“I am sorry... sorry for not acting earlier.”
This was Police Commissioner Gary Griffith’s response yesterday to a call for an apology from Pastor Glen Awong whose Transformed Life Ministries rehabilitation centre in Arouca was raided by police on Wednesday. About 69 people, some in cages referred by Awong to as “seclusion rooms,” were removed from the facility.
Griffith had described the scenario as modern-day slavery and human trafficking. The claims were denied by Awong in an interview with Newsday on Thursday.
The commissioner said the investigation into the matter continues, and includes a probe into five deaths at the facility. He told Newsday the deaths were reported as suicides or natural, but relatives are now coming forward asking for investigations to be done.
Insisting that his team uncovered a situation where people were “kidnapped, treated inhumanely, caged like wild animals,” and had their money taken away from them, he knocked the media for giving Awong a platform from which he could demand an apology from the commissioner.
“I would ask the people in authority, if this happened to their parents or them on instructions from their family members, and they were treated like animals and beaten, abused and caged, would they be so quick to put on the front page that Gary should apologise?”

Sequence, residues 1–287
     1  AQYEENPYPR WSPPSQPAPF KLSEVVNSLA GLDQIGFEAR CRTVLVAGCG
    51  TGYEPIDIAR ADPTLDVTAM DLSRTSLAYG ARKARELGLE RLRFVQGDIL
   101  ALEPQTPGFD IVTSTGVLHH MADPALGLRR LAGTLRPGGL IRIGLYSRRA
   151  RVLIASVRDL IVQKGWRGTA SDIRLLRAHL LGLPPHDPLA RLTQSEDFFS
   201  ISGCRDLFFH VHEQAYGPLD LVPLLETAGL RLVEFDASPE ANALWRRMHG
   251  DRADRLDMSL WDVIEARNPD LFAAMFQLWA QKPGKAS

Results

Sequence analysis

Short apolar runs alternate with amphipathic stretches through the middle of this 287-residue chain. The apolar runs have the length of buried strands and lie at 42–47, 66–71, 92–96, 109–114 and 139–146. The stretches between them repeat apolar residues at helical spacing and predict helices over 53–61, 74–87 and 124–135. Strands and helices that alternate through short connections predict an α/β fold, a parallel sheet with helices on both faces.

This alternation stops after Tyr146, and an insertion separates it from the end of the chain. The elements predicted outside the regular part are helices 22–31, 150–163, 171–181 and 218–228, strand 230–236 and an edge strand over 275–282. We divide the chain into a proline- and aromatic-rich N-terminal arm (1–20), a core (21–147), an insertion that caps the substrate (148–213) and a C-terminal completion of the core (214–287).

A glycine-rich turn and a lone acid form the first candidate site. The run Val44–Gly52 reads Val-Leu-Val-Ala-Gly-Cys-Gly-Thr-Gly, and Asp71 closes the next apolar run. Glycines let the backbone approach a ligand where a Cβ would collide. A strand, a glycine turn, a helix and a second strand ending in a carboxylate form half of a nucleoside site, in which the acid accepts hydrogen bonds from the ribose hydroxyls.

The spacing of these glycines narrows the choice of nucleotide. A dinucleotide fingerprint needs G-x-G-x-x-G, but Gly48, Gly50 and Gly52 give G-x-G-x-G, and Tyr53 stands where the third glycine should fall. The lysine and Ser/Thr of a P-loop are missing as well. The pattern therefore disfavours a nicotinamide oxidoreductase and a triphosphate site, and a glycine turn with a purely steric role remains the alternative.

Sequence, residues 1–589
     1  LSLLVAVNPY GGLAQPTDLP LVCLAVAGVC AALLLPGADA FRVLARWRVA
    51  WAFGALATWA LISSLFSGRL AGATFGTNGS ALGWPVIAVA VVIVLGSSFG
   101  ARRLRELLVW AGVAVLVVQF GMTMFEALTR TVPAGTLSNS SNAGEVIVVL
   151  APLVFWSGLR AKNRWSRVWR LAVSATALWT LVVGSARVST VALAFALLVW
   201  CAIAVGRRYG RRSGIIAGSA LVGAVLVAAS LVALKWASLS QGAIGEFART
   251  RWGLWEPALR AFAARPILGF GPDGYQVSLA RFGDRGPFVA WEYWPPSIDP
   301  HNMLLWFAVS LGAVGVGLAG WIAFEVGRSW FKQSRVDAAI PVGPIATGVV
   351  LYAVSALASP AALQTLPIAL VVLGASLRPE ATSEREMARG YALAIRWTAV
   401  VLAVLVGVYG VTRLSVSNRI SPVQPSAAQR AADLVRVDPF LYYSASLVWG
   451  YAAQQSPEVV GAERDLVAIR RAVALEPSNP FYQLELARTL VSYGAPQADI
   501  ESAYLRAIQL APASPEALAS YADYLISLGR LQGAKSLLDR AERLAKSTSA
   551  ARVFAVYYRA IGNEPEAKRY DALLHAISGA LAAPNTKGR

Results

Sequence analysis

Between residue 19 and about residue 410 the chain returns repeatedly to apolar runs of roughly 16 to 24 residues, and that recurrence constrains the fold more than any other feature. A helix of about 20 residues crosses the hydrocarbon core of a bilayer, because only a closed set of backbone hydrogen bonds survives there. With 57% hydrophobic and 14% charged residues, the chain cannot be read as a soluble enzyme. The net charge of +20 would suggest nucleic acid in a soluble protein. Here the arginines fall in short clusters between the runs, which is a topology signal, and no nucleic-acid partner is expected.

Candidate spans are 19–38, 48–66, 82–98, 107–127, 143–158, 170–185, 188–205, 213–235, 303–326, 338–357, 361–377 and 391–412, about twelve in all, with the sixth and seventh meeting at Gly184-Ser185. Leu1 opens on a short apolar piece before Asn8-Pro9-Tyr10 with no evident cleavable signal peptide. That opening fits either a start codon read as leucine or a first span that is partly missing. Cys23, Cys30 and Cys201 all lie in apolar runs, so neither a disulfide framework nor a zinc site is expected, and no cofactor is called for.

One person, who claimed he was held at the facility, spoke to a regional radio station, saying he was taken away by people who he believed were police and held against his will for seven months.
“I was going to my vehicle and some guys came alongside me. They looked like police officers, but I cannot confirm that for sure. They didn’t tell me where I was going, what it was for.” The man alleged that he was stripped naked, put in a cage and given a pail to use as a toilet.
“I was given a metal frame bed with wooden planks to sleep on. I spent the first night inside the cage. If we asked to leave or asked to contact a lawyer, we would just be put back in the cages.”
Of the 69 people, two were said to be back with their families, one taken to the Eric Williams Medical Sciences Complex for a non-psychological condition, and the rest were taken to the St Ann’s Psychiatric Hospital.
Awong said no orders were given to shut down the rehabilitation centre and, as such, he will continue to do “God’s work.”
“I will continue to live for the lord. The lord is dealing with it. I know things work out best for the people who love God.”
Awong said he works with parents and families of people who are violent and out of control. He added he was given guidelines by ministries on how to improve his operations and these were being implemented at the time of the raid.
He fears that if his rehabilitation centre was ordered closed, several people, including the clients, would be in danger. He said health centres would have “a lot of work to do” trying to control the patients he has been working with, and medical staff would be at risk when taking care of those patients.
“I am the only person that is doing this. Mental illness is nothing to play with.”